In the year of the hundredth anniversary of the outbreak of World War I, Berwickshire united in the traditional two minutes of silence to remember those who went to war and never returned home.
Many people paused in their day at eleven o’clock on November 11, the hour the Armistice was signed in 1918, while others gathered at war memorials in our towns and villages.
In Duns, Lord Lieutenant Jeanna Swans laid a wreath at the town’s war memorial, before laying another at the memorial to Polish soldiers.
In Coldstream, standards were paraded through the town before they were lowered in front of the memorial.
Similarly, in Eyemouth, the parade was led by pipers from the parish church to the memorial.
At Whitsome and Edrom, remembrance services were held by Rev Alan Cartwright and Rev Ken Walker respectively. Rev Cartwright reported an excellent turnout of young and old, which he had also seen at a service in Ladykirk.
At Fogo, the congregation went up to the War Memorial to observe the two minutes silence, and to watch the laying of a cross-shaped poppy wreath, by Sqn. Ldr. Charles D. Cartwright. It is always a moving experience as the silence at Fogo is observed at the memorial for those who died in World War I and within a few yards of the 16 war graves from World War II.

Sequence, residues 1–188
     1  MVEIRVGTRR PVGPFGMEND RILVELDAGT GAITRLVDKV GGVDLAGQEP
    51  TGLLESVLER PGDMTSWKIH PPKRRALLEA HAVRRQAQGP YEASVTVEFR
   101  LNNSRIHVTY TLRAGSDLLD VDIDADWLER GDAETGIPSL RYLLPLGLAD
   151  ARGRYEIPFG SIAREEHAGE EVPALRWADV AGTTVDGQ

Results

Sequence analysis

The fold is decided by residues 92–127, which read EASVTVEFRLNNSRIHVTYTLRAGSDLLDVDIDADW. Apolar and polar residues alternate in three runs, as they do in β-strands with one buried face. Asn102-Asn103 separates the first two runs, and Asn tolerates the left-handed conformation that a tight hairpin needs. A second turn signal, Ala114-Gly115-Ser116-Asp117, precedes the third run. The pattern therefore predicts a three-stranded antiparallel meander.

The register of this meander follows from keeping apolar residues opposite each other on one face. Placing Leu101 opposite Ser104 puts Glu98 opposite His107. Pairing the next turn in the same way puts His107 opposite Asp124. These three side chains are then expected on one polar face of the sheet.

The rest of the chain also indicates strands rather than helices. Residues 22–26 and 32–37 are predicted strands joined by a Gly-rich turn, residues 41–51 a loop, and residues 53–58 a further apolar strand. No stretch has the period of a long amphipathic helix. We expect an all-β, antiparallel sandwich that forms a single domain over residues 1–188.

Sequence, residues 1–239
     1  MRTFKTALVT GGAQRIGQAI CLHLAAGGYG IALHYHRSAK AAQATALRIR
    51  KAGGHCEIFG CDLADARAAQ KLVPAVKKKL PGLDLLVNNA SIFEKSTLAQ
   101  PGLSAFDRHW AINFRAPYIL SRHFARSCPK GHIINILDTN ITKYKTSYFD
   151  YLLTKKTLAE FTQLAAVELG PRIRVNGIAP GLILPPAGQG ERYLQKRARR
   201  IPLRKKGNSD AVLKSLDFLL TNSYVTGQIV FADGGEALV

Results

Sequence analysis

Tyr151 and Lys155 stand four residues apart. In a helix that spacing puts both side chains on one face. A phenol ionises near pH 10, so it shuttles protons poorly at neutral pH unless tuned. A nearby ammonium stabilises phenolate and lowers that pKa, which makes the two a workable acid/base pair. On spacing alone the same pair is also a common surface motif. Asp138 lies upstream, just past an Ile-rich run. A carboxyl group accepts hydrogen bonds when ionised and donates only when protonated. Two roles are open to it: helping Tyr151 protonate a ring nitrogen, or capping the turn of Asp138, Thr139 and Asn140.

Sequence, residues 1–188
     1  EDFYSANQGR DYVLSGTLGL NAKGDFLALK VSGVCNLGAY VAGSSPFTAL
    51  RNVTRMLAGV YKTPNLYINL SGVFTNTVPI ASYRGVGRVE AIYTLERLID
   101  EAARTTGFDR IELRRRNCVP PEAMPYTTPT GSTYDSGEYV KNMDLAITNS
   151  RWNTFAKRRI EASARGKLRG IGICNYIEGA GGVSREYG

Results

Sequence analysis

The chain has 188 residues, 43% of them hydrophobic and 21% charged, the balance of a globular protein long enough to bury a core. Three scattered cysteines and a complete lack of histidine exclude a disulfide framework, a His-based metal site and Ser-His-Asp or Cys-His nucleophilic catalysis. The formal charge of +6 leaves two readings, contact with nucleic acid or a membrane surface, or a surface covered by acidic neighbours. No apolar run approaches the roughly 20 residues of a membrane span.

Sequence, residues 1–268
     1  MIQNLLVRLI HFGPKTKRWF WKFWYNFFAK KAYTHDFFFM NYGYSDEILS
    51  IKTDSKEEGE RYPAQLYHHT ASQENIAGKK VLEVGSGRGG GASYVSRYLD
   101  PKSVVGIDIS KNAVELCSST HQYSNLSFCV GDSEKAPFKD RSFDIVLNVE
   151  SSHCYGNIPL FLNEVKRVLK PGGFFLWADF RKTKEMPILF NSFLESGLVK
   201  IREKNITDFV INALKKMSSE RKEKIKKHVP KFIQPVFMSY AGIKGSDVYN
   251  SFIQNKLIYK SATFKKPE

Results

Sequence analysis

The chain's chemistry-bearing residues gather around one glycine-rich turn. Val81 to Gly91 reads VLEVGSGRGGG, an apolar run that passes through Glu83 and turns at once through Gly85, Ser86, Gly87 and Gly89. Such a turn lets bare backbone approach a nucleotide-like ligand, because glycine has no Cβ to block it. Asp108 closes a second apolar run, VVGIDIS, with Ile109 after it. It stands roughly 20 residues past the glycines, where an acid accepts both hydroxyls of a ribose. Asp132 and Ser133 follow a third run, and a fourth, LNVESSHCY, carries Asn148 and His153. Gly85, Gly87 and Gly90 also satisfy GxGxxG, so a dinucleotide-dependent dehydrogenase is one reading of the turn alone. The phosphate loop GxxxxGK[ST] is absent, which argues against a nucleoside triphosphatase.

At Leithholm the silence was preceded by William Ramsay’s rendition of The Flowers of the Forest, while at Swinton the commemorative wreath was laid by Douglas MacAllan.
Old and young were joined in remembering the fallen - exemplified at Reston, where Sunday School pupils had been fingerpainting poppies in the week leading up to the eleventh.
Villagers at Birgham gathered around the war memorial cairn, along with the Royal British Legion Scotland Coldstream Branch and County Standards. This year also saw the unveiling of a new plaque in the village bearing the names of the five Birgham men who were killed in World War I. This joins the plaque installed four years ago with the six names from World War II.
The Birgham War Memorial was built in 2000 as a Millennium project and the installation of the new plaque now completes the lengthy research to discover the names of Birgham’s fallen and honour them.